Skip to main content
Press Release

Convicted Felon Charged Federally With Possessing A Stolen Firearm

For Immediate Release
U.S. Attorney's Office, Middle District of Pennsylvania

     The United States Attorney's Office for the Middle District Pennsylvania announced that a federal grand jury in Harrisburg returned an indictment today charging David Thomas Macon, Jr., age 23, of Harrisburg, Pennsylvania, with possessing a stolen firearm and possessing a firearm after having been convicted of a felony.

     According to United States Attorney Peter Smith, initially Harrisburg City Police responded to a 911 hang-up call and learned that Macon allegedly had assaulted his former girlfriend.  Allegedly Macon was stopped shortly thereafter and found to be allegedly in possession of a loaded stolen 9 mm semi-automatic handgun, a violation of federal firearms laws.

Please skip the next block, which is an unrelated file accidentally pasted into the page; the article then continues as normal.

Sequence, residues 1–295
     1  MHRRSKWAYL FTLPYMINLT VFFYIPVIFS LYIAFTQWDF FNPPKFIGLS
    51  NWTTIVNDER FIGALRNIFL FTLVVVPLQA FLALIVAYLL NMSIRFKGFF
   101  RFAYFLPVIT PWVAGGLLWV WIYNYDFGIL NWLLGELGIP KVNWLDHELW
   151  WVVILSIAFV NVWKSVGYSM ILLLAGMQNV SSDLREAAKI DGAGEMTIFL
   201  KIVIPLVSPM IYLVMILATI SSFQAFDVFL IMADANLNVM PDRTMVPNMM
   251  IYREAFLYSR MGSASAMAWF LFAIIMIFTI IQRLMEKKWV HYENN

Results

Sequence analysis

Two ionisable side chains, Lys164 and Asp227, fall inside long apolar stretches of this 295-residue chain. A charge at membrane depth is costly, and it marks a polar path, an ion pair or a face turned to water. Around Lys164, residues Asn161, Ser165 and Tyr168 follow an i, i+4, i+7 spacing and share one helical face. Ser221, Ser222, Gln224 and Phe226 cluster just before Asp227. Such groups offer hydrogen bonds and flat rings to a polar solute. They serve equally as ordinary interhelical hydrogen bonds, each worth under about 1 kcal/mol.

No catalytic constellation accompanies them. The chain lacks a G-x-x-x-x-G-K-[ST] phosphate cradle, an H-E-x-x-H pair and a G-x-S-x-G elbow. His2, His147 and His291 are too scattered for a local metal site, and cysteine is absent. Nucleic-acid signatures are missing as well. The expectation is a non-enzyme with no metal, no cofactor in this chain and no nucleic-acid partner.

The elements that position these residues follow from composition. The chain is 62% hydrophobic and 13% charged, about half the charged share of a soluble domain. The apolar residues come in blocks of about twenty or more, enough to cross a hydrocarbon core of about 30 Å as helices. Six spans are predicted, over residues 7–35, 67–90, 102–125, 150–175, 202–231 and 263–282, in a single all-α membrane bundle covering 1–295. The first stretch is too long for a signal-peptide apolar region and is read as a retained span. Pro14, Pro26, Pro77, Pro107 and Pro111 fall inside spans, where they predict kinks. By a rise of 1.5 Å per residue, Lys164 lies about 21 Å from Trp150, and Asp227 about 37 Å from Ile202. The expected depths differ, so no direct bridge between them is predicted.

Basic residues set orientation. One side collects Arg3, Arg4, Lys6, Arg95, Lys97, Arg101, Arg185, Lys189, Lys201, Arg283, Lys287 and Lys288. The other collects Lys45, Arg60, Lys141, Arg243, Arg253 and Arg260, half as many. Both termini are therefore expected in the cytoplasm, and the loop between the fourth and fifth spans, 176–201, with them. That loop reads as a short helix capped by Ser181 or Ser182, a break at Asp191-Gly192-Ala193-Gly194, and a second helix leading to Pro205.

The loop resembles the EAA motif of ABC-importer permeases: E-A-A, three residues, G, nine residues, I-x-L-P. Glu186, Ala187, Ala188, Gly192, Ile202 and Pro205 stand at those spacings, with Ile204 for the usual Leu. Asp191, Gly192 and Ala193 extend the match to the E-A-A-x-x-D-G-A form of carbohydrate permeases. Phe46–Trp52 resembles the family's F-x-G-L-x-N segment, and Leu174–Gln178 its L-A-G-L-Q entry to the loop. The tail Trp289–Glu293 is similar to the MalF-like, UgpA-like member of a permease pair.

The case was investigated by the Harrisburg City Police Department and the Bureau of Alcohol, Tobacco, Firearms and Explosives as part of a coordinated effort to prosecute violent crime in Harrisburg involving firearms.

     Prosecution is assigned to Assistant United States Attorney Daryl Bloom.

     Indictments and Criminal Informations are only allegations. All persons charged are presumed to be innocent unless and until found guilty in court.

     A sentence following a finding of guilty is imposed by the Judge after consideration of the applicable federal sentencing statutes and the Federal Sentencing Guidelines.

     In this case, the maximum penalty under the federal statute for each count of the Indictment is ten years imprisonment, a term of supervised release following imprisonment and a fine. Under the Federal Sentencing Guidelines, the Judge is required to consider and weigh a number of factors, including the nature, circumstances and seriousness of the offense; the history and characteristics of the defendant; and the need to punish the defendant, protect the public and provide for the defendant’s educational, vocational and medical needs. For these reasons, the statutory maximum penalty for the offense is not an accurate indicator of the potential sentence for a specific defendant.

Updated April 16, 2015